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January 11, 2010

george.jpegI'm constantly struck by the ways in which music, more than any other artform, is capable of stirring up deep personal memories. It's also interesting to see how those memories mutate over time.

I as reminded of this once again over the weekend at a San Francisco Symphony concert featuring two works by the British composer George Benjamin who is currently in residency at the Symphony. The conductor was David Robertson.

One of my most powerful memories as a youngster was singing in Jubilation, a piece written by the Benjamin in 1985 for orchestra and children's choir. My school choir joined forces with ensembles from other local schools to sing in the piece. We performed the work in Canterbury Cathedral with the composer conducting. I was about 11 at the time and have vivid recollections of standing amid what seemed like a vast army of children belting out Benjamin's sustained notes to syllables from the solfege system -- "mi, re, so fah, doh!" I was terrified of missing the high C at the climax of the piece. Our teacher worked with us for weeks on trying to hit that note in tune. When we performed the piece, the sound, at least as it has reverberated in my mind across the intervening decades, was nothing short of cataclysmic.

So it was a real treat, and a slight disappointment, to hear the piece performed again on Friday. The choir was from one of the local music-oriented schools, The Crowden School. But it was much smaller in size than the ensemble I had sung with in the 80s. As a result, even though the singing was lovely -- and the instrumental and harmonic nuances of Benjamin's intricate score rang clearly -- the piece came across without as much force as it should have. Jubilation sounded more apologetic than jubilant. I don't know whether my memory had inflated the piece of music to a more imposing size than it really was, or whether it genuinely lacked the power I recalled.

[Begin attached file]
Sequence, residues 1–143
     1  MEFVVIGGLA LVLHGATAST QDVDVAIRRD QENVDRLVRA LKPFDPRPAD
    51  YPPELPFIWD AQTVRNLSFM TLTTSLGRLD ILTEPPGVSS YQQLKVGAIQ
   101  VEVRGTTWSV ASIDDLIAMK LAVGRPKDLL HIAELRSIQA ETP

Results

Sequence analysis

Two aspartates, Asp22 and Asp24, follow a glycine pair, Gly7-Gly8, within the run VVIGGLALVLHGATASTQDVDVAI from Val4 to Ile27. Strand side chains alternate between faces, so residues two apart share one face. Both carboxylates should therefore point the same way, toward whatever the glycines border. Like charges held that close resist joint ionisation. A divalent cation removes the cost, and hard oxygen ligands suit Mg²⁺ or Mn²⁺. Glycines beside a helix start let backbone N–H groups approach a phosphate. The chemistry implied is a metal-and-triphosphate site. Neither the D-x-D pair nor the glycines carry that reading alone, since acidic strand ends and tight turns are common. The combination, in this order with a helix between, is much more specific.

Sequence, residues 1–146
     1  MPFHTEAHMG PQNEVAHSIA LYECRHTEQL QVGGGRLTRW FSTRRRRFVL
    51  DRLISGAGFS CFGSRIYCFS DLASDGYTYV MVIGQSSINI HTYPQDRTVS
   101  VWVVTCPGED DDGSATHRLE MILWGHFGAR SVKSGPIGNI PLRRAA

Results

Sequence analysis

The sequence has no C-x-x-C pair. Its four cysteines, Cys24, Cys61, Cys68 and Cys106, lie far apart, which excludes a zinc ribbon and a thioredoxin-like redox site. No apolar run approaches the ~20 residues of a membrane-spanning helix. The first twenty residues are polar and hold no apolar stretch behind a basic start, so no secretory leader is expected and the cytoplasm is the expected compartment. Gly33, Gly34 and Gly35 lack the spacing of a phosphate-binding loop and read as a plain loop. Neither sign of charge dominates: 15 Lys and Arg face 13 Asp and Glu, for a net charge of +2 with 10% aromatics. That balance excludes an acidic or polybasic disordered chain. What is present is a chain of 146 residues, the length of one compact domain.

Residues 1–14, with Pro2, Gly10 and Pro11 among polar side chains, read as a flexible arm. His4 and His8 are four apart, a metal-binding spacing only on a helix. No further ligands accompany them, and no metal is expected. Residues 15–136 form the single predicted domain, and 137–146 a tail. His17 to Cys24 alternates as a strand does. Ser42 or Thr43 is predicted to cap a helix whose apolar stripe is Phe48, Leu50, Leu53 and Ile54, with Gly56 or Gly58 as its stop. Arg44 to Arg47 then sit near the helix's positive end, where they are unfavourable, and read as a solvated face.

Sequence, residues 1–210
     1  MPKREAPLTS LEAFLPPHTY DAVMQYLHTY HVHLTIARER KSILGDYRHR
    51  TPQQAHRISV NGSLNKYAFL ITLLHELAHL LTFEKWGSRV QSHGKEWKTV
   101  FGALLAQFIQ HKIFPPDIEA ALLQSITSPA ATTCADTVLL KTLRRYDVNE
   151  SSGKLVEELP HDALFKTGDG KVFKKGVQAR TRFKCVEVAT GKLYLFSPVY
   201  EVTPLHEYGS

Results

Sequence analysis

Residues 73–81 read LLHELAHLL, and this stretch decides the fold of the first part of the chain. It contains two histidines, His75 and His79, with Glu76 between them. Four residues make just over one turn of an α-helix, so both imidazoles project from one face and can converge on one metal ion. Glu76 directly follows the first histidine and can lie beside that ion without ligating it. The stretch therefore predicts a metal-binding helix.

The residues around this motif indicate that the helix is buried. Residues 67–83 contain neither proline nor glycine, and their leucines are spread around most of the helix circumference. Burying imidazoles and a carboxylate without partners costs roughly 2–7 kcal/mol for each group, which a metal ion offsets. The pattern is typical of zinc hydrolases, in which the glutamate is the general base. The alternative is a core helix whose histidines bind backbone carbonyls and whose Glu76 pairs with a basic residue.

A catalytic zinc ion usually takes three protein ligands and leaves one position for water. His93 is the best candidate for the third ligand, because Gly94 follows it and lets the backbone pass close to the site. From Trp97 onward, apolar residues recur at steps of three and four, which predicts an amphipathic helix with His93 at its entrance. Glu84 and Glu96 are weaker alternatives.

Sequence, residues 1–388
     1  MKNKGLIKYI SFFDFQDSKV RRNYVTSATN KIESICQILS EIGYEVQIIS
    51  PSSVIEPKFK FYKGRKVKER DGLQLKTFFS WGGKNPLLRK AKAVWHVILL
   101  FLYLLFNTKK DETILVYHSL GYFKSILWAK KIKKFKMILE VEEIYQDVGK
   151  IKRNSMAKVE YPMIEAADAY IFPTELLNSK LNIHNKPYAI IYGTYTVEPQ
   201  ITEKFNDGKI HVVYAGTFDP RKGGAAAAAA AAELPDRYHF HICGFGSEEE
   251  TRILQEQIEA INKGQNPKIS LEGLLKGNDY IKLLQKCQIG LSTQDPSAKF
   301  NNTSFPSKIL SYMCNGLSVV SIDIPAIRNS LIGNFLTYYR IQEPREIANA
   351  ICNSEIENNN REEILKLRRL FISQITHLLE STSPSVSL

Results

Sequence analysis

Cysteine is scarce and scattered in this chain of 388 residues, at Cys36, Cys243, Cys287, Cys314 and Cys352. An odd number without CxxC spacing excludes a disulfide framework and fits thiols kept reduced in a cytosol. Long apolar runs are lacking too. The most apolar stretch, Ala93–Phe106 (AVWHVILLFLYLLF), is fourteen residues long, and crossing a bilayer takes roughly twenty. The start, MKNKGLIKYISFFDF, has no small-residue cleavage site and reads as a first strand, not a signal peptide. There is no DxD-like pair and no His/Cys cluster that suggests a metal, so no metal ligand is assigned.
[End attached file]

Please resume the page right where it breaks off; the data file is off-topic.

Backstage after the concert, I went to say hello to the composer. Looking dapper but casual in beige slacks, a pale blue shirt, a light brown jacket, brown shoes and a lemon yellow tie with his close-cropped white hair sweeping back from his round, boyish face, Benjamin looked more like a self-effacing community college professor than a widely respected composer being celebrated by a major symphony orchestra. Benjamin seemed happy to hear about my experience of singing his piece way back when. I was surprised to hear that Jubilation has only received a couple of other performances since it was written. The composer didn't seem to mind the smaller choir in SF Symphony's performance -- "they did a good job," he generously said (his voice is soft, high-pitched and sing-songy). I got the impression that he thought the piece worked just as fine with a small choir as a big one. But perhaps he was just being kind.

Then we shook hands and he went off down the hall to meet composer John Adams, who was waiting for him with his coat over his arm and a bright red scarf around his neck.


  • Without distracting from this delightfully personal account, I must confess that it never occurred me that the British would have different spellings for at least some of the scale steps. I have always assumed that the American standard was: do, re, mi, fa, sol, la, ti, do. The idea of the scale beginning with Homer Simpson's favorite expletive fills me with no end of amusement!

    By Blogger Stephen Smoliar, At January 11, 2010 at 1:55 PM  

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